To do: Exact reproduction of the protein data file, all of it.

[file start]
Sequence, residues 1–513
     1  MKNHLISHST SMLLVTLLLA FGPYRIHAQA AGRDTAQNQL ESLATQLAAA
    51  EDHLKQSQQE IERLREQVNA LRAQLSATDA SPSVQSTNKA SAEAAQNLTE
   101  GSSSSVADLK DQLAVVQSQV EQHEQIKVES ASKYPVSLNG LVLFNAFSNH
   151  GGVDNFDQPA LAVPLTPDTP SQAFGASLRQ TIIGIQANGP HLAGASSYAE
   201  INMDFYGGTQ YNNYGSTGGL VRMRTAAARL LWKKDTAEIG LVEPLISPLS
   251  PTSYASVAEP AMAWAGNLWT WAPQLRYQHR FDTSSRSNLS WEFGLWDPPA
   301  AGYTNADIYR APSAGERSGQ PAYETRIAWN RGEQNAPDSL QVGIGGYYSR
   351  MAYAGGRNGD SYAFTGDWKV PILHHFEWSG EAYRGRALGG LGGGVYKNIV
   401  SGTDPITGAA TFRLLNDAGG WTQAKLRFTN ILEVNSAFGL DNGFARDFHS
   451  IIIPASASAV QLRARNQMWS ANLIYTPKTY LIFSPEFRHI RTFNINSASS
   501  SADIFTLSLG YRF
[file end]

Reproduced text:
Sequence, residues 1–513
     1  MKNHLISHST SMLLVTLLLA FGPYRIHAQA AGRDTAQNQL ESLATQLAAA
    51  EDHLKQSQQE IERLREQVNA LRAQLSATDA SPSVQSTNKA SAEAAQNLTE
   101  GSSSSVADLK DQLAVVQSQV EQHEQIKVES ASKYPVSLNG LVLFNAFSNH
   151  GGVDNFDQPA LAVPLTPDTP SQAFGASLRQ TIIGIQANGP HLAGASSYAE
   201  INMDFYGGTQ YNNYGSTGGL VRMRTAAARL LWKKDTAEIG LVEPLISPLS
   251  PTSYASVAEP AMAWAGNLWT WAPQLRYQHR FDTSSRSNLS WEFGLWDPPA
   301  AGYTNADIYR APSAGERSGQ PAYETRIAWN RGEQNAPDSL QVGIGGYYSR
   351  MAYAGGRNGD SYAFTGDWKV PILHHFEWSG EAYRGRALGG LGGGVYKNIV
   401  SGTDPITGAA TFRLLNDAGG WTQAKLRFTN ILEVNSAFGL DNGFARDFHS
   451  IIIPASASAV QLRARNQMWS ANLIYTPKTY LIFSPEFRHI RTFNINSASS
   501  SADIFTLSLG YRF